Only one more day of July left! I’d been meaning to get these mini reviews out in the first week of July; ah well, better late than never. I’ve only read 12 books so far this year; that’s way below the amount of books I normally read. At this rate I’ll have read only 24 books in 2012. To compare, in 2011 I read 39, in 2010 I read 34 and in 2009 I read 41… I’ve got some serious catching up to do!
This is the final book in Carey’s third trilogy set in her alternate fantasy Europe. This trilogy takes place a couple of centuries after the first two trilogies and features Moirin, a half-D’Angeline and half Maghuin Donn. In this final book Moirin and Bao sail to Terra Nova (which is basically the Aztec regions) to recover the lost crown prince of Terre d’Ange. I love the world Carey has created; she manages to blend “real” mythology/religion with her own concepts, creating some intriguing new stories.
I really enjoyed this book. It opens with Ia, a 15 year old girl, getting a terrible vision of 200 years in the future where the human race dies. However, she also sees all paths leading up to that terrible event and the one path she can take to prevent it all. The book then jumps a couple of years to an 18 year old Ia, when she joins the Terran army; certain events have to happen exactly the right way and Ia uses her precognition abilities to make sure that it all happens according to her plan, even though it costs her. What I liked here is that even though our main character knows exactly what is going to happen, you as a reader don’t. We only know something terrible is going to happen, but we don’t even know what that terrible thing is. And even during battle scenes although Ia can “see” what will happen to her, the writer manages to keep it exciting and unpredictable. It’s an interesting reversal of the typical case where the reader knows way more than the protagonist.
I love Seanan McGuire’s books. Her other series is the October Daye books, which has a Fae world living alongside ours (and then there is also her Newsflesh trilogy where she writes as Mira Grant; read on for my reviews below). This new book is the first part in the Incryptid series. It’s quite similar to the October Daye ones, only here instead of having the Fae living alongside us you have Cryptids. The Cryptids are creatures of which the human world isn’t completely certain whether it exists or not: think Loch Ness monster, Big Foot, vampires, etc. Our protagonist is Verity Price, a cryptozoologist: part Cryptid caretaker, part Cryptid slayer. She’s responsible for keeping New York’s Cryptid population in check, even if that might mean hunting them down. McGuire creates a fascinating world with a great heroine and I can’t wait to see her next adventures!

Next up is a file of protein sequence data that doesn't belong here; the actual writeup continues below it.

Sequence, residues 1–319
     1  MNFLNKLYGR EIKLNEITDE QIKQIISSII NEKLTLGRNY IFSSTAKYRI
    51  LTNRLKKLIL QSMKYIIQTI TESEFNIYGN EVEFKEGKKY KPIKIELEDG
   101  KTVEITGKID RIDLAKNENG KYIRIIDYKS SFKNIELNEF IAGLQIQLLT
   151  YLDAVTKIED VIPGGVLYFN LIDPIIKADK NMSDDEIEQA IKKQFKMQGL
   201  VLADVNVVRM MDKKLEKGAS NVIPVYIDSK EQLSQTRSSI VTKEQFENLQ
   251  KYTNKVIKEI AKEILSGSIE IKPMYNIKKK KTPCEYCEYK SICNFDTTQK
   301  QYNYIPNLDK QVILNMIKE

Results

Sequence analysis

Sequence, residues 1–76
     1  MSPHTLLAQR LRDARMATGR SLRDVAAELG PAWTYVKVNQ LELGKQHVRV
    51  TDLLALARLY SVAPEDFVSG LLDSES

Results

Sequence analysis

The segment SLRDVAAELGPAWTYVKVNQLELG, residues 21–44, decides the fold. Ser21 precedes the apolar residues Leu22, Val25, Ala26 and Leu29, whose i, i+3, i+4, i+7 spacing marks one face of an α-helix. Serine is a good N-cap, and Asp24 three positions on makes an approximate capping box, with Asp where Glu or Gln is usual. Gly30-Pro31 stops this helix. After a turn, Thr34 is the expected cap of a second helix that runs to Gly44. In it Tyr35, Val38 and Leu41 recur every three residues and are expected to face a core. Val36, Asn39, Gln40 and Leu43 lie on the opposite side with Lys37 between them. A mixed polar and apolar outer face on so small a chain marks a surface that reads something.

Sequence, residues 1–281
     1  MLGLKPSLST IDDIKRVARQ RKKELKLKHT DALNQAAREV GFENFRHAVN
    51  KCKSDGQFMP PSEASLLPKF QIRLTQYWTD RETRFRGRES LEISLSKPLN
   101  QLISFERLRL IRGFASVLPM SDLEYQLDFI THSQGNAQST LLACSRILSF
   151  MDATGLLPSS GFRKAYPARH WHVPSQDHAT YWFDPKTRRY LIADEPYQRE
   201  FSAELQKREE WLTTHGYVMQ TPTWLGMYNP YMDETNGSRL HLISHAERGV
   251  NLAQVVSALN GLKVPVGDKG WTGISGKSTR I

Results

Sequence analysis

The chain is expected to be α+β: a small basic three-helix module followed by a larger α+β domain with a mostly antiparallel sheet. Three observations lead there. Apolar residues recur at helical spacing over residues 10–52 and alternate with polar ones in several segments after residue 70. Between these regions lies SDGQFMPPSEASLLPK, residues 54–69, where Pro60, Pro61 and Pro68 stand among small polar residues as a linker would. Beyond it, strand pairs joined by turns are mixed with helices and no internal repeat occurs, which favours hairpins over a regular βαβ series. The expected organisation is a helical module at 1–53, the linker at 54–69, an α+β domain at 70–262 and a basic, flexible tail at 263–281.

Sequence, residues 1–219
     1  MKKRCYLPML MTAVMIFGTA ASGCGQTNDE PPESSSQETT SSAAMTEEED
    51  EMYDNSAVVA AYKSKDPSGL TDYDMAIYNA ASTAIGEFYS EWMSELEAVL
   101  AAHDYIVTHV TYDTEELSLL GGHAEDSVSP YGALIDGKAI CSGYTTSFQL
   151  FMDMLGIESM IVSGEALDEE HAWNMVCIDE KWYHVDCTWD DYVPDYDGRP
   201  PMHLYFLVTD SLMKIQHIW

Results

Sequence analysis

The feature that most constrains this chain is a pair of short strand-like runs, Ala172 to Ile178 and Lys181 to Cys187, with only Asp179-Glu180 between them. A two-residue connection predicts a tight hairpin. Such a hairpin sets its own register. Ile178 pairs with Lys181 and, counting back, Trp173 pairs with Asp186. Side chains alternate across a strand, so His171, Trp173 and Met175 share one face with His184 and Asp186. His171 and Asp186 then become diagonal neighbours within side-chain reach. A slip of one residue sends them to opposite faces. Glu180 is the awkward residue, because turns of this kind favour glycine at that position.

The Reluctant Vampire/Under a Vampire Moon by Lynsay Sands
The Argeneau vampire books from Lynsay Sands are always fun to read. They’re your typical vampire romance book, but with a bit of a twist: here the “vampires” are actually nano-infected descendants of Atlantis (the nanos fix everything damaged in a body, including sun damage, and of course requires blood to work). These were book 16 and 17 and I’m still amazed how interesting Sands manages to keep this series!
The Ambassador’s Mission/The Rogue by Trudi Canavan
This is the second trilogy from Canavan that is set in the world of Kyralia and takes place 20/30 years after the first one, focusing on our main character’s son Lorkin. I didn’t like the first trilogy when I read it the first time, but loved it when I revisited it a couple of years later (strange how a couple of years can change your perspective). These first two books expand the world even more and contains a couple of twists that I didn’t exactly see coming. Very curious to see how it all ends!
This is the final book of the Midnight Breed series. And wow, what a final! I like how it finishes up all the existing story lines, yet also hints to another new potential series. Early on in the series I quite liked Chase, but as the series went on and the darker he went I began to loose interest in him. By the end of this book though I was so rooting for him again!
I loved loved loved the first book (Feed) from this series. I didn’t think the sequels could live up to that, but, wow, I was wrong. The second book Deadline is again an awesome read and I think I might love it more than the first one. The third one is a bit of a letdown after that second book, but it still a satisfying conclusion to the entire trilogy.
I struggled with this book. Actually I struggle with all of Lindskold’s books. I always like her stories, but there’s just written in a way that doesn’t click with my mind; I constantly have to go back and reread bits and it just generally goes slooooooow. The story is great though! This is the fourth of the six books in the Firekeeper series, and this one sees our main characters get kidnapped to another far away country. It’s great moving the plot to another place; we get different rules, different customs, different characters.
I didn’t love this book as much as Jemisin’s first book The Hundred Thousand Kingdoms. It still was a book though that I couldn’t put down and pretty much finished within two sittings. It’s set a couple of years after the first one, and our heroine is Oree, a blind girl, who during the aftermath of the first book gains the ability to see through magic. In the previous book we were introduced to the three main gods (Nahadoth, Enefa and Itempas) and three of their children. Here we see how much more vast the world is that Jemisin has created and we get introduced to a ton of other godlings. I like Jemisin’s take on the gods: they’re powerful, immortal beings, but each of them is inherently bound to a specific “nature”, which strengthen and restricts them. It’s an interesting read and the mythology is quite unlike any I’ve read before.